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GWU Pet Project Means Your Dog Really, Really Wants a Robot

Teaching robots to S.C.O.O.P. P.O.O.P. is fine for humans with dogs, but the dogs themselves couldn't care less what happens to their, uh, leavings. What dogs do care about is going for walks, playing fetch, and getting fed, and in an effort to appeal to the canine user demographic, students at George Washington University are hard at work teaching their PR2 robot to be your dog's new best friend.

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Animatronic Robot Baby Cannot Be Unseen

Remember how we keep on saying that you shouldn't make robot babies? That's because you shouldn't make robot babies. It's a little bit more excusable if you're a professional animator and someone is paying you to make one of these... Things... But that doesn't make it any less creepy.

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This Is What Kids Want From Robots

Image via ALIZ-E Project

We've been waiting for years (decades, in fact) for robots to become integral parts of our daily lives, but it hasn't quite happened yet. We're getting closer, that's for sure, but it's starting to look like it might be our kids (and not us) who will get the full benefit of the forthcoming robot revolution. With that in mind, Latitude Research has collaborated with with LEGO Learning Institute and Australia's Project Synthesis to compile a study of how children see robots fitting into their lives.

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Search and Rescue Dog Deploys Robot Snake via Bark Control

Many animals, including some humans, seem to have an instinctual aversion to snakes. Many animals, including some humans, also seem to have an instinctual aversion to robots. Couple that with a (totally understandable) instinctual aversion to running around in disaster zones, and it's remarkable that this robosnake-deploying disaster dog even shows up for work in the mornings. 

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Robot Vacuums That Empty Themselves

The 2012 Consumer Electronics Show was not a big launching point for robotics companies this year. We saw Pleos, Paros, Paperos, and other familiar robots that didn't start with the letter "P" like Naos and Cubelets (not to mention Tosy's robotic boombox presented by Justin Bieber). Even iRobot decided not to put on an appearance: They were at CES taking meetings, but without a big booth presence like they've had in years past.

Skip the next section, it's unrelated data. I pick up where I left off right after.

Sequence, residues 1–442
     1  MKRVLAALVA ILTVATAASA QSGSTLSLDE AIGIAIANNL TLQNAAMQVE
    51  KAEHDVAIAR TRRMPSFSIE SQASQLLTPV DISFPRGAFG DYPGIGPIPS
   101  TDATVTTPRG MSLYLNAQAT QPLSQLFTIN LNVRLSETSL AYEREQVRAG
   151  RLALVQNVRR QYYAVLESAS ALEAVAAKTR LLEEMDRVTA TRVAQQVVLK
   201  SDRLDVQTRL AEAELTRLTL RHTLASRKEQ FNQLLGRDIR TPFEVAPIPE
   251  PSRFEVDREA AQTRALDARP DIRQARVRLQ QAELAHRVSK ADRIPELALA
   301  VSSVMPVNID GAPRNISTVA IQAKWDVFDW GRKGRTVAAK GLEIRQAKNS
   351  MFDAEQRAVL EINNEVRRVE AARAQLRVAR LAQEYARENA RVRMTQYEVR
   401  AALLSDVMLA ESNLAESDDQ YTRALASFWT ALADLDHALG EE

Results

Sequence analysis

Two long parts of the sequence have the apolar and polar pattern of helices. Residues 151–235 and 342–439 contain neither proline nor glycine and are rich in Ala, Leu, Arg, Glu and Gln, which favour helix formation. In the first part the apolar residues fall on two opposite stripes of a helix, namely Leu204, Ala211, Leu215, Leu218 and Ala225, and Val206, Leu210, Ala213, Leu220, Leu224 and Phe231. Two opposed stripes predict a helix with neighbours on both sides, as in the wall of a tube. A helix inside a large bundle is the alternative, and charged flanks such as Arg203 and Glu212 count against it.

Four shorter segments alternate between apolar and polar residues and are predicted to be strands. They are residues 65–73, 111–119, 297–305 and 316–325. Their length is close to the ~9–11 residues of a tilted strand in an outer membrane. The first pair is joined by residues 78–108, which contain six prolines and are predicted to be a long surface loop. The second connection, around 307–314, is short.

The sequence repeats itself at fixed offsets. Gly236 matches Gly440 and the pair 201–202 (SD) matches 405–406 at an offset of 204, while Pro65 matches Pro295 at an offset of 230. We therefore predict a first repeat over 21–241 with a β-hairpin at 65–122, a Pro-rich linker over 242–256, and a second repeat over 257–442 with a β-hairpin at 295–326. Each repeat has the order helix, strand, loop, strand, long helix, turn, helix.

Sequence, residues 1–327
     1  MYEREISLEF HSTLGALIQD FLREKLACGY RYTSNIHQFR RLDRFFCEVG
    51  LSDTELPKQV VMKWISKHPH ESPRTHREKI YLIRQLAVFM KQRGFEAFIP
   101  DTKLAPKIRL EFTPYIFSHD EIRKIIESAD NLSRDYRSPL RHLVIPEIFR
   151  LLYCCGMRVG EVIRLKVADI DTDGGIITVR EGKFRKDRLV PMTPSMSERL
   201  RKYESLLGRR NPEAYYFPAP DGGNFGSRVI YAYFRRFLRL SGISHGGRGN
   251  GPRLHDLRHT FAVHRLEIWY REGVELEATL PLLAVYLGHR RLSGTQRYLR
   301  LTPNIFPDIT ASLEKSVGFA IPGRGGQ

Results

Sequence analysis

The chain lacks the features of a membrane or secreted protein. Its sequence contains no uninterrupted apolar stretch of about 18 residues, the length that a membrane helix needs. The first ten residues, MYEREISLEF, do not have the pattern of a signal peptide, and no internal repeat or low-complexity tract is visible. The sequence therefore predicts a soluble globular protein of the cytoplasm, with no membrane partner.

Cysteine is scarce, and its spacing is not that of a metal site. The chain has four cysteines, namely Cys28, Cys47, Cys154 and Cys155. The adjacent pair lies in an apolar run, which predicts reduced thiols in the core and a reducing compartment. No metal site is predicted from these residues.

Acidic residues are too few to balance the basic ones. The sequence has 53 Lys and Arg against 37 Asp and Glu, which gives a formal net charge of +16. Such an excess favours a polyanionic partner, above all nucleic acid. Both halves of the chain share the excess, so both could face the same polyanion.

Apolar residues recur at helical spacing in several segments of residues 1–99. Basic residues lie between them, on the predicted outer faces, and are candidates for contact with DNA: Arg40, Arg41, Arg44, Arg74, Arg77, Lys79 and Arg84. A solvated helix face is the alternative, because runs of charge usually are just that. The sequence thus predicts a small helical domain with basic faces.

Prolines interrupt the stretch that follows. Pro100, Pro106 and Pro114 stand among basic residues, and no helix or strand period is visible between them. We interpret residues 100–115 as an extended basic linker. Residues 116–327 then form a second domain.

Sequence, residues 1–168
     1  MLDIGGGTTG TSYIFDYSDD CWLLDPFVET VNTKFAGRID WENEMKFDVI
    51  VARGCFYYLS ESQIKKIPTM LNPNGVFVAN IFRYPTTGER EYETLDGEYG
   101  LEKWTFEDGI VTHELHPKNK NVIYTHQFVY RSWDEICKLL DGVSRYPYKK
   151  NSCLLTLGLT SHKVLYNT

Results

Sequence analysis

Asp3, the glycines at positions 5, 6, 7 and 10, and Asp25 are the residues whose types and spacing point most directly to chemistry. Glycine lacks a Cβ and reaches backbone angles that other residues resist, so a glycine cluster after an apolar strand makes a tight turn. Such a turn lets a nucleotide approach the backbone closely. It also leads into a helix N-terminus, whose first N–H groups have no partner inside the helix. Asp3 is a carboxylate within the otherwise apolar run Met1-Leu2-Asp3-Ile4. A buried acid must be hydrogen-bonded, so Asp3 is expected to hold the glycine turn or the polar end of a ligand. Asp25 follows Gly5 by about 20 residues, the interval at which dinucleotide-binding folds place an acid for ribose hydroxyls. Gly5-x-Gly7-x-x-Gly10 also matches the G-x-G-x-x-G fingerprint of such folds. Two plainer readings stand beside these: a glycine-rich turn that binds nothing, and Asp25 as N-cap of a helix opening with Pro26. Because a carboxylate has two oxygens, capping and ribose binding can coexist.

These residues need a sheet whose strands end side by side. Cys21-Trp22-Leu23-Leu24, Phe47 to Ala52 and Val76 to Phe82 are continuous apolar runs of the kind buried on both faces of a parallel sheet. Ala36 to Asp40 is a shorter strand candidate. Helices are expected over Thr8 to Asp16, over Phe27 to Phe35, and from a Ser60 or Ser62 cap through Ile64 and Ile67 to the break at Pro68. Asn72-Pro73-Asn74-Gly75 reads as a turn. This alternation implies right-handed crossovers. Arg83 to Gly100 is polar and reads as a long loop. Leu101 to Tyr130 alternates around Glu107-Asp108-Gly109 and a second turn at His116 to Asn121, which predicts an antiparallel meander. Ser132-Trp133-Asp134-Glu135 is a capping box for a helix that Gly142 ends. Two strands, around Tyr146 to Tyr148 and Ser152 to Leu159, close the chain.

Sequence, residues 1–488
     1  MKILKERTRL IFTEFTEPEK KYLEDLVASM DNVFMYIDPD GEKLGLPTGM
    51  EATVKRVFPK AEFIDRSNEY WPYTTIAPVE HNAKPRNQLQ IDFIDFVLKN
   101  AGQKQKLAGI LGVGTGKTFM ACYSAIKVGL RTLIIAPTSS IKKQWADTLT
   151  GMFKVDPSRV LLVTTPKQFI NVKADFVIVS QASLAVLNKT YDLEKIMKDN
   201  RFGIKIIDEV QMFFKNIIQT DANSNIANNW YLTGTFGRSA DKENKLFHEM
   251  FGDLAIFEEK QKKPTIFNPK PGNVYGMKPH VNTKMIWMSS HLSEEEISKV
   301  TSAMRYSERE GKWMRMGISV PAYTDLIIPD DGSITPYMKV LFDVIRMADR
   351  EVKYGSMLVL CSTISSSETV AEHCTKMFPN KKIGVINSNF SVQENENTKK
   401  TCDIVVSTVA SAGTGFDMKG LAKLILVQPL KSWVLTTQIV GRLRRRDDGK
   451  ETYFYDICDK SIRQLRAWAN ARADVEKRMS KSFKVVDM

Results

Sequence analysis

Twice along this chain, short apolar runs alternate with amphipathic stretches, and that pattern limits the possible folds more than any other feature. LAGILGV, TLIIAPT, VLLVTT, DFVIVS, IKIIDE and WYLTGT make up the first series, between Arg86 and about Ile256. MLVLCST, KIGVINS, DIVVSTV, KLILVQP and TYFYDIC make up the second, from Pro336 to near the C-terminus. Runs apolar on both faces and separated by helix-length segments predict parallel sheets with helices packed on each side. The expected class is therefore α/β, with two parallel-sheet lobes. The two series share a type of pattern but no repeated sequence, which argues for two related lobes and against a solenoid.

But we're always looking for what's coming next, and we did find one thing that got us excited. If you own a robotic vacuum cleaner, you probably know that one of the most annoying things about these devices is that when their dust bin is full, you have to clean your cleaning robot. The good news is that at CES we saw a couple of robot vacuums from Asia that come with docking stations capable of emptying the dust bins automatically.

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French Self-Driving Car Takes to the Road

Quasper France autonomous vehicle

Autonomous vehicle projects are picking up speed -- literally. Leading the pack is Google's famed robot car, which has logged thousands of kilometers driving on public roads. But there are projects also in Italy, Germany, the U.K., and reportedly China.

Now we've learned about an interesting self-driving vehicle developed in France. The video below shows how the car works and some road tests, including one in which a "polystyrene pedestrian" is thrown in front of the vehicle:

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It's Time to Start 3D Scanning the World

This is a guest post. The views expressed in this article are solely those of the blogger and do not represent positions of Automaton, IEEE Spectrum, or the IEEE.

matterport scan

When Microsoft was developing its Kinect 3D sensor, a critical task was to calibrate its algorithms to rapidly and accurately recognize parts of the human body, especially hands, to make sure the device would work in any home, with any age group, any clothing, and any kind of background object. Using a computer-based approach to do the calibration had limitations, because computers would sometimes fail to identify a human hand in a Kinect-generated image, or would "see" a hand where none existed. So Microsoft is said to have turned to humans for help, crowdsourcing the image-tagging job using Amazon’s Mechanical Turk, the online service where people get paid for performing relatively simple tasks that computers are not good at. As a result the Kinect now knows what all (or most) hands look like. Great!

Well, that's great if all you care about is gesture-based gaming, but from my commercial robotics-oriented perspective, the problem is that a human hand is just one "thing" among thousands -- millions?! -- out there that we would like machines to be able to identify. Imagine if a robot could promptly recognize any object in a home or office or factory: Anything that the robot sees or picks up it would instantly know what it is. Now that would be great.

So the question is: Can we ever achieve that goal? Can we somehow automate or crowdsource image tagging of almost every object imaginable?

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Robot With Tail Shows Off More Midair Skills

uc berkeley tailbot robot slope transition with active tail

When we posted about UC Berkeley's Tailbot last week, we mentioned that the robot was originally presented back at IROS, the IEEE International Conference on Intelligent Robots and Systems. Evan Chang-Siu and Thomas Libby, two of the authors of the IROS paper, wrote in to point out a few additional tricks that Tailbot has up its sleeve and share some extra video with us.

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